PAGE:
Kazakhstan and Uzbekistan each qualify two fighters, Iran adds one more.
By Lee Reaney for World Para Taekwondo
With the weight of a nation that birthed the sport on his shoulders, Jeonghun Joo allowed Korea to take a sigh of relief after qualifying in the men’s up to 75 kg division.
Korea, which has dominated Olympic taekwondo since it became an Olympic sport, avoided the embarrassment of not qualifying a single fighter for Para Taekwondo’s Paralympic debut with Joo’s victory in Amman, Jordan.
“It’s a lie if you don’t feel the pressure,” Joo told World Para Taekwondo. “It was difficult for Korea to participate in many competitions due to lack of budget. We could be higher in the rankings if we had a lot of money to play in the game.”
Fueled by impressive spin kicks and combinations, the No. 16-ranked Joo easily got past Mongolia’s Shinebayar Batbayar 53-17 in the final.
“It has been four years since I started Para Taekwondo”, he said, “Going to the Tokyo Paralympics will allow me to achieve my unfulfilled dream.”
Uzbekistan, Kazakhstan Qualify Two Fighters Each
Top-seeded Ziyodakhon Isakova of Uzbekistan was made to work for her Paralympic license in the women’s up to 49 kg final.
Taking on a new fighter from Iran, the experienced Isakova – who has six international podiums under her (black) belt – fought through a neck-and-neck battle before pulling away in the third round for the victory.
Isakova credits an intensive training program to her success. Uzbekistan trained with the national teams of Azerbaijan and Kazakhstan. In total, eight fighters from the three countries qualified in this month’s qualification tournaments.
“When I was younger, I used to watch the athletes from other sports, or able-bodied Taekwondo athletes, and dream that one day I could also go to the Paralympic Games”, she told World Para Taekwondo. “Winning gold and listening to the national anthem of Uzbekistan and seeing our flag [rising] is what excites me the most.”
COVID Travel Issues Wreak Havoc on Asian Draw
With COVID rates spiking in countries like India and Nepal, several fighters were unable to travel to Jordan to compete in the last-chance qualification event.
Three fighters from India, including No. 2-seeded Aruna (women’s up to 49kg), and two fighters from Nepal, including top-seeded Palesha Goverdhan (women’s over 58kg), were unable to make the trip.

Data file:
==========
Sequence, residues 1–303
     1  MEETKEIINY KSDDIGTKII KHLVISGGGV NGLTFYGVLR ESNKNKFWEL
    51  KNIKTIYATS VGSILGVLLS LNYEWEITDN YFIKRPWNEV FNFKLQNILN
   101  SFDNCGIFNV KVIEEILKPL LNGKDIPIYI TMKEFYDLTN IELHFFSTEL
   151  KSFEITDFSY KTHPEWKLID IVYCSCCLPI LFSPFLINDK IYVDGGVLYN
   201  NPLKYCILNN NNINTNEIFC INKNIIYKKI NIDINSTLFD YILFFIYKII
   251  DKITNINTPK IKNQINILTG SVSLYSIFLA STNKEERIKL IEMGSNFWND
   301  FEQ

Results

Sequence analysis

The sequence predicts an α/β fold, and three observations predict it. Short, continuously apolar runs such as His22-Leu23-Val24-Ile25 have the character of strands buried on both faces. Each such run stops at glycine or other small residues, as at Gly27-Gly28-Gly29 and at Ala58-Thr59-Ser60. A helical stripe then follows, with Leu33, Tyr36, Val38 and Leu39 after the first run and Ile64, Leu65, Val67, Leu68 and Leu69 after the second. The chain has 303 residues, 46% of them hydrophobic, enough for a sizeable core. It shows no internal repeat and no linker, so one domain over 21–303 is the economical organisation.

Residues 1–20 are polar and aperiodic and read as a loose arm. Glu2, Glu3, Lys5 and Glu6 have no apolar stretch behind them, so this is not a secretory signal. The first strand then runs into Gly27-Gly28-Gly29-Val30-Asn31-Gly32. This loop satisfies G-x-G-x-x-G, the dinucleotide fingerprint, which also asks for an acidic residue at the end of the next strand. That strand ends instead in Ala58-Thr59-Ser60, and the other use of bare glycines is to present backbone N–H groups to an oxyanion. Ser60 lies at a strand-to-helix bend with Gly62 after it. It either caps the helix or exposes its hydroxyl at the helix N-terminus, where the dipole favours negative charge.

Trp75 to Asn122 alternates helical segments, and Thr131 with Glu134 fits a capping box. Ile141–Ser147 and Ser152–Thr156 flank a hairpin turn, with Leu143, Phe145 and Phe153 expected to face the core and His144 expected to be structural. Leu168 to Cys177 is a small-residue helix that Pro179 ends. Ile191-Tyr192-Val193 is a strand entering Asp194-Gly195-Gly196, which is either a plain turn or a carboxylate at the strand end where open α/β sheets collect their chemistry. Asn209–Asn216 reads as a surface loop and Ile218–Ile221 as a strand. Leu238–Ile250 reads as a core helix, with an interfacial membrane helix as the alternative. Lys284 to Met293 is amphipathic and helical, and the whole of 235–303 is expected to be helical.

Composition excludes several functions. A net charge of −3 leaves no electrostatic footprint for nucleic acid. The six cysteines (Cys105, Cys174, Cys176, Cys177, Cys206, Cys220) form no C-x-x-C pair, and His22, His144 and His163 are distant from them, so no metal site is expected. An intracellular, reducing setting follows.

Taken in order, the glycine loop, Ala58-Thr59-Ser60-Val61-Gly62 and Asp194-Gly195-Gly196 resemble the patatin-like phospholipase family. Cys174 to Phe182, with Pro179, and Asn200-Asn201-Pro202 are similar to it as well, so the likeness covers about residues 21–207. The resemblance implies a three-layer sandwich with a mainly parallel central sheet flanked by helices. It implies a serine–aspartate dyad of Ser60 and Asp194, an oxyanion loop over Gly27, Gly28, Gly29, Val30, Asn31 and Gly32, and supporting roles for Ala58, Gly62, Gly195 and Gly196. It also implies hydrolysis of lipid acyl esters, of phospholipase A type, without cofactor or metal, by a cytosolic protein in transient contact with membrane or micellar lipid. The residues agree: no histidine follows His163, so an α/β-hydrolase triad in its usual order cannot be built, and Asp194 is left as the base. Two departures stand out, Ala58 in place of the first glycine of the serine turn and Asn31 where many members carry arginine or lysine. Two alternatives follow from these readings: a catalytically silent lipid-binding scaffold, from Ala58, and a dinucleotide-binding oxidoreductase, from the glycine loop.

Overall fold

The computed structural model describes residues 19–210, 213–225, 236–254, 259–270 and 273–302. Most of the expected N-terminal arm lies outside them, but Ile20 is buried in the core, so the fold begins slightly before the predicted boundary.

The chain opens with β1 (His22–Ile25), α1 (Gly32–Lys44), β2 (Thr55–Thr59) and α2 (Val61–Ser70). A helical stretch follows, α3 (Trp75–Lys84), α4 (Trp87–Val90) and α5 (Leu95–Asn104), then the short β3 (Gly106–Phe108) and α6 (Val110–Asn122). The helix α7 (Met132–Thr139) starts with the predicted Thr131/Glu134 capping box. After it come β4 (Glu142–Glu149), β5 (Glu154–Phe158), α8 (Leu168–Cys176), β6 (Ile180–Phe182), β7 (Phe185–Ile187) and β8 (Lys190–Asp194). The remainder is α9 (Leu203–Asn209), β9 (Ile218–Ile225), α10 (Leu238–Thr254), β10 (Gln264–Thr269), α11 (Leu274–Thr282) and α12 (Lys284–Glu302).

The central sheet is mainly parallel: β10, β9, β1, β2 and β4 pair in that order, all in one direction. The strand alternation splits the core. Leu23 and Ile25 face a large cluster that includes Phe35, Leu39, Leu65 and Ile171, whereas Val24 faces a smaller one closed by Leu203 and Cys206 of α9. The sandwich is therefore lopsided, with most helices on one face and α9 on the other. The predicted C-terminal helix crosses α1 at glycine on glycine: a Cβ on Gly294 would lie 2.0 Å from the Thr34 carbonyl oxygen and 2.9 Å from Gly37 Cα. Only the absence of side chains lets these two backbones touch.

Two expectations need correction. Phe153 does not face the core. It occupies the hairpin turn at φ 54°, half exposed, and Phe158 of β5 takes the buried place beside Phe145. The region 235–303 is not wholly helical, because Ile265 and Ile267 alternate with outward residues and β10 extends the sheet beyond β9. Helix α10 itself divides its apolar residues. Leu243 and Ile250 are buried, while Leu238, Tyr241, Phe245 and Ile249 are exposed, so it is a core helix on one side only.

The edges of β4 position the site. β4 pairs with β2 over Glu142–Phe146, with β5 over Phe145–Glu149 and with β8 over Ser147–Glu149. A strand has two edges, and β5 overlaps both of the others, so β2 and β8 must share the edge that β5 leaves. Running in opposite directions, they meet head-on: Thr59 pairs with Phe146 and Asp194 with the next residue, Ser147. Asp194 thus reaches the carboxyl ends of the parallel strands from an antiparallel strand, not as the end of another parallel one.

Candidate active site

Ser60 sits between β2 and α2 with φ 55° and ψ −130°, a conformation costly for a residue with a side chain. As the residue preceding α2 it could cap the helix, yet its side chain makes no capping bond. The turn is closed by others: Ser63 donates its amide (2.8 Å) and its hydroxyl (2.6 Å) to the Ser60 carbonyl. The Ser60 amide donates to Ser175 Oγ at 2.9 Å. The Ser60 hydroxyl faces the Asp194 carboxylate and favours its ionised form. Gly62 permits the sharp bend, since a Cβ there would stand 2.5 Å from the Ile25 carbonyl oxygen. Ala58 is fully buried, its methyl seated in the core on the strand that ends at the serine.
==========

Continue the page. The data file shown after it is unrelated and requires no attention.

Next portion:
This resulted in three divisions not being contested at the event.
Instead, Kazakhstan will send two fighters to Tokyo – Nyshan Omirali (men’s over 75 kg) and Kamilya Dosmalova (women’s up to 58 kg).
“The Paralympic license for our country will inspire not only young people, but also people with disabilities”, Omirali told World Para Taekwondo, “To compete under the flag of our country gives me great pride – but so will winning a gold medal.”
Iran is In, Chinese Taipei Just Misses Out
In the fight of the tournament, Uzbekistan’s Asadbek Toshtemirov narrowly edged Chinese Taipei’s Chen Chien Chiang 39-36 in the men’s up to 61 kg final, denying the country a fighter at the 202One Paralympic Games.
Down by two with 32 seconds to go, Toshtemirov built a small lead and dodged a last-second spin kick to claim the win and a third spot for Uzbekistan at the Paralympic Games.
New to the sport, Iran’s Rayehe Shahab may be the least experienced fighter in Tokyo. She’ll look to former world champion teammates Mehdi Pourrahnama and Asghar Aziziaghdam for advice.
“Taekwondo is a competition with yourself”, she told World Para Taekwondo, “It’s a story of attempting to challenge yourself and learning how to solve the problems in your life.”
With the continental qualification tournaments now complete, the final Paralympic spots to be awarded by Bipartite Committee will be named on June 7.
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